Over the last 12 months we have all been working through the world’s biggest unintended experiment in mass remote working. For some this has been liberating, for others, a real struggle.
The result of this experiment is that we’ve now reached another pivotal point in the world of work and its evolution. Recent research from the Forever Flex report by Flex Appeal, shows that over 70% of companies plan to continue some or all of the flexible working practices they have deployed over the past year. The workplace landscape is undoubtedly changing and with this brings a very exciting opportunity.
The great news for leaders transitioning to manage remote and hybrid teams, is that there are already tried and tested approaches and techniques they can learn from. Many national and international businesses have worked in this way for a long time, operating across multiple sites and countries. My own personal experience of this was the 11 years I spent at Royal Mail managing hybrid teams across multiple business sites, including teams working remotely from home. We had a mixture of a process and leadership approach and a culture that created a strong team bond, allowing us to operate as a one cohesive unit… most of the time. It also helped to highlight issues, when we had them, along the way.
So, here are my top 5 tips for managing hybrid or remote teams:
Communication plays a vital element in every aspect of our lives – and high performing teams have communication at their core. Communication is a key component of any business. In high performing teams people have the psychological safety to be themselves and share their opinions. There is a strong feedback culture, a focus on refinement and improvement, and teams are encouraged to work through conflicting options and scenarios before arriving at the best approach.
One key challenge, when you’re not all in the same room, is that a sense of distance can creep in. You can’t see when someone is snowed under with work or having a bad day, you don’t share those fun team exchanges as easily, and it’s harder to feel that shared sense of team purpose. As a result, remote working teams can begin to feel team bonds weaken and communication concerns quickly rise to the top of the agenda.
There are a few essential things to consider when it comes to implementing a successful communication process for remote and hybrid teams:
Frequency: What’s the best frequency to communicate to make employees feel part of the company, to share information and to progress activities, but to avoid creating a culture of micromanagement or meeting fatigue? Team meetings will usually vary from a quick daily check-in, to a weekly call, and it’s for you and your team to agree what works best.
121’s become even more important to get into the detail of how team members are coping, and where they need help. In my team, we ran these once a fortnight, with face-to-face meetings once a quarter.
Companywide all hands meetings will depend on the situation, but as a general rule, if things are uncertain, or regularly changing, more frequent meetings are advisable. We’d vary from quarterly to monthly depending on the position of the business at the time.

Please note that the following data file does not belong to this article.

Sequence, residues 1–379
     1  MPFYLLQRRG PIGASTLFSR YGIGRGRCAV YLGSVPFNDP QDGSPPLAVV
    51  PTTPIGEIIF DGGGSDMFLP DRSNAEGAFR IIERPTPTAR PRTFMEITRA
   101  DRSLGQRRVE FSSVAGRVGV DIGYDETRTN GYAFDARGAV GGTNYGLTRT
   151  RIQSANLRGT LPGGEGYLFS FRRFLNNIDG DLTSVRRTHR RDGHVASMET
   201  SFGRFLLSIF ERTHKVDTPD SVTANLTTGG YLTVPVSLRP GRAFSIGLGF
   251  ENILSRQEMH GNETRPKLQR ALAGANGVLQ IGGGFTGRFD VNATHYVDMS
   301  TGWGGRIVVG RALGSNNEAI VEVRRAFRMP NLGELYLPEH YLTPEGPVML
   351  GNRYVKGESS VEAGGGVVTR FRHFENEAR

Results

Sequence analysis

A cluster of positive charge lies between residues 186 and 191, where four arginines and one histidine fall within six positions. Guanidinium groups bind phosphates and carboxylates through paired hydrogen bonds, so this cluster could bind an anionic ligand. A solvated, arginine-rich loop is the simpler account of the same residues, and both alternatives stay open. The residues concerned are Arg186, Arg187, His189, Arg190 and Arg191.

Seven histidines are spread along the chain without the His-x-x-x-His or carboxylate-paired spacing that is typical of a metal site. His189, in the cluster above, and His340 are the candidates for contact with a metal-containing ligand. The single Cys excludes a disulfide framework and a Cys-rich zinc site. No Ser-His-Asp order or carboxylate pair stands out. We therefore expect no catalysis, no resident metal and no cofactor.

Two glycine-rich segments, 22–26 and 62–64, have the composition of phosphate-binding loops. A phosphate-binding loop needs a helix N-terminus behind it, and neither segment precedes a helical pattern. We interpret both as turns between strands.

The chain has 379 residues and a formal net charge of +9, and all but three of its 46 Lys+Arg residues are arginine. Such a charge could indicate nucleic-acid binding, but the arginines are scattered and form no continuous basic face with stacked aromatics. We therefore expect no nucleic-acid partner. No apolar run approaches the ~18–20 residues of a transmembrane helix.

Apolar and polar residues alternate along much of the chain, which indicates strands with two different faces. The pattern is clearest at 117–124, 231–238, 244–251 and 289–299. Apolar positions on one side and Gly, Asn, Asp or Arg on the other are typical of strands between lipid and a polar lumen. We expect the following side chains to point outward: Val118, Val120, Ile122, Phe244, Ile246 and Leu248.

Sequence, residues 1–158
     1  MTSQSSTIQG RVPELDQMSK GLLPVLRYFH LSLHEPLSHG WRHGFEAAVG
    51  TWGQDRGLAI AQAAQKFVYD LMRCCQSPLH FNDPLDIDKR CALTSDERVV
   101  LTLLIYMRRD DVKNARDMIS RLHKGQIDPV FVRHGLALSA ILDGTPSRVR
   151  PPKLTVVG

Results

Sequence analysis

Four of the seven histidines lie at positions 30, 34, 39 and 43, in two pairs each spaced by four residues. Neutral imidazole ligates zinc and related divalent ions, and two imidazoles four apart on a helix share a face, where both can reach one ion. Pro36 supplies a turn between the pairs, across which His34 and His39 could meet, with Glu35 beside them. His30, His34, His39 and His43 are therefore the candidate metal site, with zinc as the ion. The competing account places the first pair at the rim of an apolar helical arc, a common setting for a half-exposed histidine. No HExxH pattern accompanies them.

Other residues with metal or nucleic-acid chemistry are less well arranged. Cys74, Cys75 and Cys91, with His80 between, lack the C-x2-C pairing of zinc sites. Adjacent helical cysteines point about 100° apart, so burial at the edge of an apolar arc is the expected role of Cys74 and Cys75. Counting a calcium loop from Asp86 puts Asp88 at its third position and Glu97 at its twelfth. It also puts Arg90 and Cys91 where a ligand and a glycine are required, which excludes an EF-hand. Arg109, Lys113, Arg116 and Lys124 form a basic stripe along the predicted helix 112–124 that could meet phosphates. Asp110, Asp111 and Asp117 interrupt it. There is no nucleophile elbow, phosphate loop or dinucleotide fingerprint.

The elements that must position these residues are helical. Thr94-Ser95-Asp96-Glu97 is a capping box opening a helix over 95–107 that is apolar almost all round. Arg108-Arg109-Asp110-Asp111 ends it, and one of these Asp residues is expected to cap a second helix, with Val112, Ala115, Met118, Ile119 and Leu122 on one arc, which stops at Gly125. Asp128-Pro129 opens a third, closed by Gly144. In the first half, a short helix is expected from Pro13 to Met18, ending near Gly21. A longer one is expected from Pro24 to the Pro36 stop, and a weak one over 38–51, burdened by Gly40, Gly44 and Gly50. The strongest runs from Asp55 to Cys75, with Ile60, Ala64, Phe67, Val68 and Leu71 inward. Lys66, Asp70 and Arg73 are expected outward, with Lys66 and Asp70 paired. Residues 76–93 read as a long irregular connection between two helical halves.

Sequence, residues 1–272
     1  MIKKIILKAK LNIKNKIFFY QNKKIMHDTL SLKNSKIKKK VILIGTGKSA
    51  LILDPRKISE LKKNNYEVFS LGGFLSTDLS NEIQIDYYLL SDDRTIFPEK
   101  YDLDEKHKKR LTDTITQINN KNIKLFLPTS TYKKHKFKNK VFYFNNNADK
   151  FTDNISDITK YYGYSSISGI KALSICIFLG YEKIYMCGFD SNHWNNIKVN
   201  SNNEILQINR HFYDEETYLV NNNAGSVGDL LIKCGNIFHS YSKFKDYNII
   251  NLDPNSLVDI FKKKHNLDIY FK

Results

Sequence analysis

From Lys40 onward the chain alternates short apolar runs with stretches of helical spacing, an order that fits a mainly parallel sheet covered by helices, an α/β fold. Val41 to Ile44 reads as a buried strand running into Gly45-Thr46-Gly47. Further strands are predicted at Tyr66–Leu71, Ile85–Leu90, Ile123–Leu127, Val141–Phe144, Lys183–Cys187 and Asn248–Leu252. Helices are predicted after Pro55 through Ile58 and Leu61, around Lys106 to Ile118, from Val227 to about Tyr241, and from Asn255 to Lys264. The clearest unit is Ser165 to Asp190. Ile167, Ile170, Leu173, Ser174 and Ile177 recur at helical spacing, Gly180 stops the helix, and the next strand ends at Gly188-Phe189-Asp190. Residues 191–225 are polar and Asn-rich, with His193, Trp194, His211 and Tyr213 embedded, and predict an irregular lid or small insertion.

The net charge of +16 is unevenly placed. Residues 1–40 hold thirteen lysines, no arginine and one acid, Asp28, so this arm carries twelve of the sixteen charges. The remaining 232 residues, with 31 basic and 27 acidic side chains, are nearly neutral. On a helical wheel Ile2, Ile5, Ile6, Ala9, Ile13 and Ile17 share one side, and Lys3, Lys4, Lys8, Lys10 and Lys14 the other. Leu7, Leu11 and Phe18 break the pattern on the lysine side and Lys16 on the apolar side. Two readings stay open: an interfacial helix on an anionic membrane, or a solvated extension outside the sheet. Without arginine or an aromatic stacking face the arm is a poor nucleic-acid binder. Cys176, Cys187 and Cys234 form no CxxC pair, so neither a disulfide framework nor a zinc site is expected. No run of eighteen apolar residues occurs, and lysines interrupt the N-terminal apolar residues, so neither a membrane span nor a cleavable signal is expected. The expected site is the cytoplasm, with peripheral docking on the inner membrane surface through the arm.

Format: It’s a painful experience trying to follow the conversation of those in the room when you are not, so it’s best to ideally all be remote or all in the room. We had a meeting once when the chair was remote, and the rest of the team weren’t… total chaos!
So, think about parity, giving everyone the same experience, and be careful not to fall into the trap of focusing more on the people in the room as opposed to those working remotely or at other sites.
Creative idea generation and relationship building are a lot harder to do remotely, so if possible, face to face activities really make a difference here.
Meetings are also not always the best way to communicate and can often cut into people’s days, reducing productivity. Consider whether emails, Slack, phone etc. may be more efficient.
Flexibility: Collectively work out when it’s most productive to meet, and when its best to get on with tasks, alone. We had Friday morning catchups with various teams, to understand progress made, the support needed and agree the focus for the week ahead. Other teams ran this on Mondays to kick-start the week. Some companies, such as Channel 4 have meeting free days, so consider what would work best for your team.
Fun: Having a bit of fun can bring enjoyment and spark into the workday, but it can also make people feel more connected and create a sense of community. The informal social connection builds the feeling of a strong team, so virtual team drinks, or a 10-minute pre-meeting general chat on our own personal lives, wellbeing and interesting news is time well spent.
Two key areas make hybrid and more agile working structures a success:
- Encouraging a high degree of autonomy for people to make decisions, innovate, and get things done.
- Creating a high degree of alignment across groups so that the right things get done in the first place.